Social & Civic Participation
A variety of social opportunities are available for older adults in Berkeley. These include fitness, art, education, political and and cultural activities. While the vast majority of survey respondents indicated that they participate in social activities at least a few times a week, transportation and affordability of activities were raised as barriers. Making activities more affordable, accessible, and widely advertised would help residents, particularly isolated seniors, participate.
Age Friendly Resources
Senior Centers serve hundreds of people daily with group classes and activities including meals, foreign language, memoir writing, music, field trips, dance, and birding. They also have voter registration materials.
Nonprofit & University
UC Berkeley Osher Lifelong Learning Institute offers a wide variety of classes for adults 50 and older.
The Jewish Community Center organizes group "Trips Around Town" for seniors and has adult classes, lunches, clubs, and events.
The Center for Independent Living advocates with and for people of all ages with disabilities and offers organized social activities.
A support and advocacy group for LGBTQ seniors, Lavender Seniors has a 'Friendly Visitor' program and monthly lunches to keep members connected.
The Berkeley Lawn Bowling Club is a nonprofit outdoor sport club that has been active since 1928. Members offer free classes to the public.
A new advocacy and social justice interest group growing out of Ashby Village meets to discuss and plan advocacy efforts.
J-Sei is a community center that offers a space for intergenerational activities and services that pass on Nikkei values and traditions.
The Center for Elders' Independence organizes social activities and has an adult day health center as part of their PACE program.
Ashby Village members organize events, volunteer activities and various interest groups that meet regularly including advocacy, poetry, bridge, movies, and technology.
As a major local employer, the UC Berkeley retirement center connects 2,245 UC retirees is Berkeley and Albany with volunteer opportunities, book clubs, workshops, and Retirees' Associations.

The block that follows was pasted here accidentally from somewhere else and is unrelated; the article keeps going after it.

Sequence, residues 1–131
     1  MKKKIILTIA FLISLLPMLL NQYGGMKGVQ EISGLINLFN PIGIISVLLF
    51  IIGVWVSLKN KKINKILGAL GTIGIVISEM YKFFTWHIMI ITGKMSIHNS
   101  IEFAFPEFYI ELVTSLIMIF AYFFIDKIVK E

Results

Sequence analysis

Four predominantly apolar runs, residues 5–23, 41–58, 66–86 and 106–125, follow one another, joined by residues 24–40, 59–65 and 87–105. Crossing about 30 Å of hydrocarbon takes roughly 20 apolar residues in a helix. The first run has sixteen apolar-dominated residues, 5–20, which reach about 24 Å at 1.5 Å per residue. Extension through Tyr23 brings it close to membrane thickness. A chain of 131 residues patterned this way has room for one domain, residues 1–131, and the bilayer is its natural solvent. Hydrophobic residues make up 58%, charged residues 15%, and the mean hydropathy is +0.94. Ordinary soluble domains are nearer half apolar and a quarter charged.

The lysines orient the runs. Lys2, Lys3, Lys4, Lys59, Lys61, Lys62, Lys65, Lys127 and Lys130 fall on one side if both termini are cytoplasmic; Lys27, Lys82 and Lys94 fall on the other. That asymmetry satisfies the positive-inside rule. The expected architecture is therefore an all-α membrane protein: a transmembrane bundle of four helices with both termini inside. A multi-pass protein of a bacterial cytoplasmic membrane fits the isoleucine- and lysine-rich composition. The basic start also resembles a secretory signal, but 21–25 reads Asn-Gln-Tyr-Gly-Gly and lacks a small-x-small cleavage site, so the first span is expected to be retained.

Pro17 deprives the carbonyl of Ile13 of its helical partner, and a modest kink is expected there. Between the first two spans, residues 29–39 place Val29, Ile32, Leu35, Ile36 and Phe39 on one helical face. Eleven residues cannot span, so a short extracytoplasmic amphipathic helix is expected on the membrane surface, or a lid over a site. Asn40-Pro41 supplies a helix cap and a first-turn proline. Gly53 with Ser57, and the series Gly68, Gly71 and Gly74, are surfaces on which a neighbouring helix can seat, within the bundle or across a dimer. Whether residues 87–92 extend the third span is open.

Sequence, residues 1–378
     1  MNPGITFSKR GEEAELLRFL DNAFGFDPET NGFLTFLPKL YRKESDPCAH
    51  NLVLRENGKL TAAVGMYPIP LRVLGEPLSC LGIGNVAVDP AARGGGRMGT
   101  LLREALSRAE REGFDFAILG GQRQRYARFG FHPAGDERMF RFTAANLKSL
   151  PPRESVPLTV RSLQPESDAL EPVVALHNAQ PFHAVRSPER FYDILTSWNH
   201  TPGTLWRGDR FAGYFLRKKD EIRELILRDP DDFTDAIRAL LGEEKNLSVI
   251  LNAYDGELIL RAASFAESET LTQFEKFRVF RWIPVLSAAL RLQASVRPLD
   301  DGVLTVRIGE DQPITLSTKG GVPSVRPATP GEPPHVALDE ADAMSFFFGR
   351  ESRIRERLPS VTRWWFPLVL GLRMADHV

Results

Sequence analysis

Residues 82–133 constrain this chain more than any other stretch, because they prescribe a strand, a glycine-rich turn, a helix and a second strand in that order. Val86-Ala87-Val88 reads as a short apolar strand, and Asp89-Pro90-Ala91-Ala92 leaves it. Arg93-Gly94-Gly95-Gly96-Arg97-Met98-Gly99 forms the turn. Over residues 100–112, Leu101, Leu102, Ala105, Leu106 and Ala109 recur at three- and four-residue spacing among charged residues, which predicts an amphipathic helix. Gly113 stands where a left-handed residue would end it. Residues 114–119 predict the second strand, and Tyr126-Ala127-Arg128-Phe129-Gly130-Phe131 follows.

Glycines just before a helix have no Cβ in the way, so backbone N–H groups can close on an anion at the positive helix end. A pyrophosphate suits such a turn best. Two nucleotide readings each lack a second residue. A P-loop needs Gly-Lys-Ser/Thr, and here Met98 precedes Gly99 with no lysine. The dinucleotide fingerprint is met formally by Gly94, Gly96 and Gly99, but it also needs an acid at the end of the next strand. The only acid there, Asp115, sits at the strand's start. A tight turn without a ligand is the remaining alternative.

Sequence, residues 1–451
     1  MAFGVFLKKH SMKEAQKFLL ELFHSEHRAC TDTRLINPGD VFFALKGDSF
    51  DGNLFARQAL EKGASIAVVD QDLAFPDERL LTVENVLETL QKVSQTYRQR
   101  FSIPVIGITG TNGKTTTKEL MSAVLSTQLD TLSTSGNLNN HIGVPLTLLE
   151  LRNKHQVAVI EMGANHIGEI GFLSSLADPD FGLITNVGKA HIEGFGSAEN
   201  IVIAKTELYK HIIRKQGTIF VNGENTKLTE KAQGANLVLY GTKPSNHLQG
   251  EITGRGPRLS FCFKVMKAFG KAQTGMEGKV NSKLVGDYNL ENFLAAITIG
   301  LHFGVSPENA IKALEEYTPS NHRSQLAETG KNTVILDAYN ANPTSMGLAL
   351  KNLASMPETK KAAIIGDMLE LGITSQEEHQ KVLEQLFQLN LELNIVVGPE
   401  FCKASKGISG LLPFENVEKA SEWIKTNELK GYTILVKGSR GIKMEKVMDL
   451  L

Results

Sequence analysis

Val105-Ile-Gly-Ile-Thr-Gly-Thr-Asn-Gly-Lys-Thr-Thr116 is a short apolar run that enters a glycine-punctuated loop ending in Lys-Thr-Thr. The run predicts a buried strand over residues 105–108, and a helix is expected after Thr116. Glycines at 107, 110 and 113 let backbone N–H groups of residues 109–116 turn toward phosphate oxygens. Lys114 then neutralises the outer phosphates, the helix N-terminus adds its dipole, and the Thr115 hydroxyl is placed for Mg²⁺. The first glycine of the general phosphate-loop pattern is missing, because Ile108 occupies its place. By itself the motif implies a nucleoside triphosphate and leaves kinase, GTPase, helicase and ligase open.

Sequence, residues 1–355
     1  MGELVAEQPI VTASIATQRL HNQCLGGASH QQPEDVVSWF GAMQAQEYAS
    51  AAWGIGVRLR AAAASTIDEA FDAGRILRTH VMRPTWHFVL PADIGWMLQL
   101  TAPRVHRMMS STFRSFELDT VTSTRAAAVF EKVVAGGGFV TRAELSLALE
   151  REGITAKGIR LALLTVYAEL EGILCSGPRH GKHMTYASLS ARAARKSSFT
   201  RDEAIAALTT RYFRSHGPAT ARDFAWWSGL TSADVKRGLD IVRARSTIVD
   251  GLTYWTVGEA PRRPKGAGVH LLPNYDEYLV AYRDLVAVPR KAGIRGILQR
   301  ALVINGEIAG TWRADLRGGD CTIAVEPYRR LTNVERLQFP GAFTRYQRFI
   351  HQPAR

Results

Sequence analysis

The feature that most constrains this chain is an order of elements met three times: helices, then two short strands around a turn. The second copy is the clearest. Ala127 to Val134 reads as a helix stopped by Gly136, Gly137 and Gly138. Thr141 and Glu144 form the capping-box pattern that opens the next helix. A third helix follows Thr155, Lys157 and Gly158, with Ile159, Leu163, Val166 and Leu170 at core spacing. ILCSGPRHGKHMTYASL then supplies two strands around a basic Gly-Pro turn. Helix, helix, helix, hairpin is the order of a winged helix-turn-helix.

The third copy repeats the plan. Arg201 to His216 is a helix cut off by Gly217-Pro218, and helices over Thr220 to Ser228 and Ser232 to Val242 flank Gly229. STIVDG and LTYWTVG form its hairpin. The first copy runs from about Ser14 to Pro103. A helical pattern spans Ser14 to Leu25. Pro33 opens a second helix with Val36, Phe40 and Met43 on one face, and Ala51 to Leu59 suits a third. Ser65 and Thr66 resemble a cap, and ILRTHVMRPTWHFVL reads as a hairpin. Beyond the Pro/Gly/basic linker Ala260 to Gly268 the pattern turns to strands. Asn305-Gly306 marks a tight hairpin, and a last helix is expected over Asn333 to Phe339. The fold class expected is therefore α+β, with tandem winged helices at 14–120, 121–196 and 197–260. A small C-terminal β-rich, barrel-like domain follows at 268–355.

The East Bay Gray Panthers are an intergenerational advocacy group fighting for social justice and combating ageism.
The Berkeley Continuum is a non-profit group that is working to ensure that a continuum of services and supports are available for older people to age in their communities.
Community Survey Results
One of the top reasons Berkeley was rated positively by survey respondents as a place to age was the availability of many different services and activities. The vast majority of survey respondents said they are actively participating in social activities. However, various surveys indicate that 6-11% of Berkeley seniors socialize less that once week and follow up is needed to identify the needs of these isolated seniors.
said they socialize at least a few times a week
said they participate in continuing education or self-improvement classes
said it is important for them to have a range of opportunities to volunteer
said they have transportation to and from volunteer activities
According to focus groups moderated by the Berkeley Continuum
Some people had been to the senior centers and liked them. However, a few people said they did not like the senior center, with some adding that it seemed "depressing".
Participants who lived in multi-unit housing indicated that they needed more information about what activities were happening in the community.
Those living in single family homes showed more interest in finding ways to be connected to social activities.
Berkeley has a long history of being at the center of social movements. Older adults in the community are heavily involved in local politics.
said it is very important to have opportunities to participate in local government and decision making
said it is important for them to have opportunities to participate in local councils and committees
said their community has volunteer and civic engagement opportunities
of registered Berkeley voters participated in the 2016 election, higher than the county turnout (75.42%)
Infrastructure and Policy: Transportation to activities, language accommodations, and making activities accessible is especially important for seniors who are at risk of isolation and are not typically included in community events. Reducing barriers to participation with infrastructure and policy improvements will make community events and activities more inclusive.
Equity and Inclusion: Active civic engagement has been a prominent part of Berkeley's history and continues to be important to residents of all ages. Opportunities for older adults with a variety of physical abilities, cultural backgrounds, and languages will help foster a stronger sense of community, both intergenerationally and among older adults in Berkeley.
Information: Having activities available will not be enough to ensure that everyone has a way to participate. We want to also ensure that there are various modes of communicating information about the programs so that those without computer access or who are more isolated will have information about services and activities they can participate in. This will also require communicating information in multiple languages and in written and audio formats.
Plan additional intergenerational community activities that encourage participation of different ages and cultures
Consider older adult comments and public input to T1 infrastructure expenditures to ensure public spaces are developed with the needs of older adults in mind.
Help neighborhood associations, formal and informal groups, and city agencies focus on providing opportunities for older people to participate, especially low-income, isolated and disabled seniors.